Legacy YM

'Why, O people of the Noldor,' he cried, 'why should we longer serve the jealous Valar, who cannot keep us nor even their own realm secure from their Enemy? And though he be now their foe, are not they and he of one kin? Vengeance calls me hence, but even were it otherwise I would not dwell longer in the same land with the kin of my
father's slayer and of the thief of my treasure. Yet I am not the only valiant in this valiant people. And have ye not all lost your King? And what else have ye not lost, cooped here in a narrow land between the mountains and the sea? 'Here once was light, that the Valar begrudged to Middle-earth, but now dark levels all. Shall we mourn here
deedless for ever, a shadow-folk, mist-haunting, dropping vain tears in the thankless sea? Or shall we return to our home? In Cuivienen sweet ran the waters under unclouded stars, and wide lands lay about, where a free people might walk. There they lie still and await us who in our folly forsook them. Come away! Let the cowards keep this city!'

Long he spoke, and ever he urged the Noldor to follow him and by their own prowess to win freedom and great realms in the lands of the East, before it was too late; for he echoed the lies of Melkor, that the Valar had cozened them and would hold them captive so that Men might rule in Middle-earth. Many of the Eldar heard then for the first time of the Aftercomers. 'Fair shall the end be,' he cried, though long and hard shall be the road! Say farewell to bondage! But say farewell also to ease! Say farewell to the weak! Say farewell to your treasures! More still shall we make. Journey light: but bring with you your swords! For we will go further than Orome, endure longer than Tulkas: we will never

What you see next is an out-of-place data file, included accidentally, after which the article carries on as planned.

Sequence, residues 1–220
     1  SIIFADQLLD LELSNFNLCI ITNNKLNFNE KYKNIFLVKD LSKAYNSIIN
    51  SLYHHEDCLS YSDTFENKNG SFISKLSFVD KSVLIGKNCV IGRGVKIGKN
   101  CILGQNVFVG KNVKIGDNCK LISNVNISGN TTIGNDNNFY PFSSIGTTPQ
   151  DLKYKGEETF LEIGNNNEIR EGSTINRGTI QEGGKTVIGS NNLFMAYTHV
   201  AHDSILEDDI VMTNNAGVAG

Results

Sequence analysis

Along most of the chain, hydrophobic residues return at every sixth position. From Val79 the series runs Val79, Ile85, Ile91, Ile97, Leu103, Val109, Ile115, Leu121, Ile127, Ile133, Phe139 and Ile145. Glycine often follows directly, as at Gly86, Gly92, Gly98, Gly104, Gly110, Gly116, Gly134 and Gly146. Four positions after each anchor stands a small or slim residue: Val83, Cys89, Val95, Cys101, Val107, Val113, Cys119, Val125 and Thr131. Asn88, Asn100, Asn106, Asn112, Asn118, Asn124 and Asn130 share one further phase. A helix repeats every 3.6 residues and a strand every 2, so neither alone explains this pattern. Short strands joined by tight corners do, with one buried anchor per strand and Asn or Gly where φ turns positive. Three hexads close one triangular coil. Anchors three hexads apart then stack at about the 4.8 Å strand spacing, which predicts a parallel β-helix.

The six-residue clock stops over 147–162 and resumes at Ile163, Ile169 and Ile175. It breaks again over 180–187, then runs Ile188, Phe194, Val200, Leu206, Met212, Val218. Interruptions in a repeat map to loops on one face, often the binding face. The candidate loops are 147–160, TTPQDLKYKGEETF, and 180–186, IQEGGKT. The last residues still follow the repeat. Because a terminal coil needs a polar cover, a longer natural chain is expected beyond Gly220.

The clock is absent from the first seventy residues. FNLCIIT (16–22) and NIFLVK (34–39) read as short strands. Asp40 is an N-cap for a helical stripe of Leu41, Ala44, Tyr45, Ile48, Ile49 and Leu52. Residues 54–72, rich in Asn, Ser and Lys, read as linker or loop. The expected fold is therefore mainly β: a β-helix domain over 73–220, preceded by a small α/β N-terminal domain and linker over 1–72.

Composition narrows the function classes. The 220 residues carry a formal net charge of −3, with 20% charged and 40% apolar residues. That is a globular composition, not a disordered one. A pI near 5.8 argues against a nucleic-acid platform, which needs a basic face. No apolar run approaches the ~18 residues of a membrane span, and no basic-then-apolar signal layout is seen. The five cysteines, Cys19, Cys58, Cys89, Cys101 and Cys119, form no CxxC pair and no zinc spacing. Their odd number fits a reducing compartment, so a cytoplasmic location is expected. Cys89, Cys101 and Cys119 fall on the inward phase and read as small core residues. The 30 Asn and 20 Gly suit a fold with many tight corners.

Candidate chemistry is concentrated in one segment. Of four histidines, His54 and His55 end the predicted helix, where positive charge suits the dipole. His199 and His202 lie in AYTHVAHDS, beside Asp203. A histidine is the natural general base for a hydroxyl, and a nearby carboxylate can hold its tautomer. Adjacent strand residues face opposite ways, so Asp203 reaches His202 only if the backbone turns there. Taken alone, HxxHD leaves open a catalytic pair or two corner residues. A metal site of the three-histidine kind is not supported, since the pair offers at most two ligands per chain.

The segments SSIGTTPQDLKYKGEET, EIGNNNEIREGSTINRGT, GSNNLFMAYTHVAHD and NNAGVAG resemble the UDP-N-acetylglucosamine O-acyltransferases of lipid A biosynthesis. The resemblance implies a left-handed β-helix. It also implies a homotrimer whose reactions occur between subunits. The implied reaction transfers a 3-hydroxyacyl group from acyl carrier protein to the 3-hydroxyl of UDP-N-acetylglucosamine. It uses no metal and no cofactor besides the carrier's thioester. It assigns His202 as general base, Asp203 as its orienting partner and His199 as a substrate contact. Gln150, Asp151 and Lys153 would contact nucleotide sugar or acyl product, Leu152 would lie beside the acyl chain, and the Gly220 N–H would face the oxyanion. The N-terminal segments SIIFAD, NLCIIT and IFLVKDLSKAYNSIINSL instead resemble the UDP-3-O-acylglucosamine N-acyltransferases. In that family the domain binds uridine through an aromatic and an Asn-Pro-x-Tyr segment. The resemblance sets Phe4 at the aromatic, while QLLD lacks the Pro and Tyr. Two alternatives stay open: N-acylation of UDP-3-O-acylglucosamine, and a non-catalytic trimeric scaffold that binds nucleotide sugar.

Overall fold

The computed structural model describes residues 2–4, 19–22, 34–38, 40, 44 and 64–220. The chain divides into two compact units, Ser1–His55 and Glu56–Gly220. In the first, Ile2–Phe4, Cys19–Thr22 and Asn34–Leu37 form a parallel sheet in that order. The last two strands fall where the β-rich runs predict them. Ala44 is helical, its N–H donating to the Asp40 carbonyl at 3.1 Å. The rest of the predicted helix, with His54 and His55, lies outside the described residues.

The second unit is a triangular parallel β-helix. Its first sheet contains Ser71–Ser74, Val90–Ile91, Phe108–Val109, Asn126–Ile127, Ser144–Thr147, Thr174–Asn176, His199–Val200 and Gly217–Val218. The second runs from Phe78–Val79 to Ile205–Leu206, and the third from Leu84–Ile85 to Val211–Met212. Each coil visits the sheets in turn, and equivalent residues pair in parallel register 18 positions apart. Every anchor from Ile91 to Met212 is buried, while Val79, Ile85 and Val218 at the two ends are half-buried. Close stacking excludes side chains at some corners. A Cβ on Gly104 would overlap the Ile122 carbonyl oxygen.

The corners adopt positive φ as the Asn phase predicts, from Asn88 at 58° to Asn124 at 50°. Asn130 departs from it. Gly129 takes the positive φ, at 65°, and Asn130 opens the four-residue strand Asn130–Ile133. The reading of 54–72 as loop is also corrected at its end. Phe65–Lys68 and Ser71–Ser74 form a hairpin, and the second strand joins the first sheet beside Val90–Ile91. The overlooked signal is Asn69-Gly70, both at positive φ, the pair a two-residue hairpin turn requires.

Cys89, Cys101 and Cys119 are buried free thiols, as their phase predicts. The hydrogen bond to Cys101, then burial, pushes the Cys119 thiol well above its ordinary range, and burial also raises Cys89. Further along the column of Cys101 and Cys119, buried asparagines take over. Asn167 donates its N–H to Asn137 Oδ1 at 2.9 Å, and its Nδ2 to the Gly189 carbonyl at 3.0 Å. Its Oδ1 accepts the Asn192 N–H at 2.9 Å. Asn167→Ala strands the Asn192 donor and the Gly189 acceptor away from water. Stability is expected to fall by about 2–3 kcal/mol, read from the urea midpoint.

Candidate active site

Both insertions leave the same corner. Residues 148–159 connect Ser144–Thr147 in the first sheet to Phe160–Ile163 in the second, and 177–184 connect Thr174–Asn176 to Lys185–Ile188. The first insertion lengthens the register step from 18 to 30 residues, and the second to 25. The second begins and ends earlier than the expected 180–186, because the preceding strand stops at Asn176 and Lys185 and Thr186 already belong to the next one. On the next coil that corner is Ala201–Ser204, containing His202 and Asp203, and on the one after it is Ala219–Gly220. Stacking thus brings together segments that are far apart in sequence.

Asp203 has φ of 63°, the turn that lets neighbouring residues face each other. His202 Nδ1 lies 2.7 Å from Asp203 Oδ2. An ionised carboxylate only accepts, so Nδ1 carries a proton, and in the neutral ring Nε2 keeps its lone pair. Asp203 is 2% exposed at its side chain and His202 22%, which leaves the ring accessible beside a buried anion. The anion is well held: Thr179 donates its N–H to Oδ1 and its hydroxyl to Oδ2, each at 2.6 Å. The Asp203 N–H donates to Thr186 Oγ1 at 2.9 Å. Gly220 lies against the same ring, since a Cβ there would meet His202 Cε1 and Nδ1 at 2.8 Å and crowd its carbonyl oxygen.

turn back from pursuit. After Morgoth to the ends of the Earth! War shall he have and hatred undying. But when we have conquered and have regained the Silmarils, then we and we alone shall be lords of the unsullied Light, and masters of the bliss and beauty of Arda. No other race shall oust us!'

Then Feanor swore a terrible oath. His seven sons leapt straightway to his side and took the selfsame vow together, and red as blood shone their drawn swords in the glare of the torches. They swore an oath which none shall break, and none should take, by the name even of Iluvatar, calling the Everlasting Dark upon them if they kept it not; and Manwe they named in witness, and Varda, and the hallowed mountain of Taniquetil, vowing to pursue with vengeance and hatred to the ends of the World Vala, Demon, Elf or Man as yet unborn, or any creature, great or small, good or evil, that time should bring forth unto the end of days, whoso should hold or take or keep a Silmaril from their possession.

Thus spoke Maedhros and Maglor and Celegorm, Curufin and Caranthir, Amrod and Amras, princes of the Noldor; and many quailed to hear the dread words. For so sworn, good or evil, an oath may not be broken, and it shall pursue oathkeeper and oathbreaker to the world's end. Fingolfin and Turgon his son therefore spoke against Feanor, and fierce words awoke, so that once again wrath came near to the edge of swords. But Finarfin spoke softly, as was his wont, and sought to calm the Noldor, persuading them to pause and ponder ere deeds were done that could not be undone; and Orodreth, alone of his sons, spoke in like manner. Finrod was with Turgon, his friend; but Galadriel, the
only woman of the Noldor to stand that day tall and valiant among the contending princes, was eager to be gone. No oaths she swore, but the words of Feanor concerning Middle-earth had kindled in her heart, for she yearned to see the wide unguarded lands and to rule there a realm at her own will. Of like mind with Galadriel was Fingon Fingolfin's son, being moved also by Feanor's words, though he loved him little; and with Fingon stood as they ever did Angrod and Aegnor, sons of Finarfin. But these held their peace and spoke not against their fathers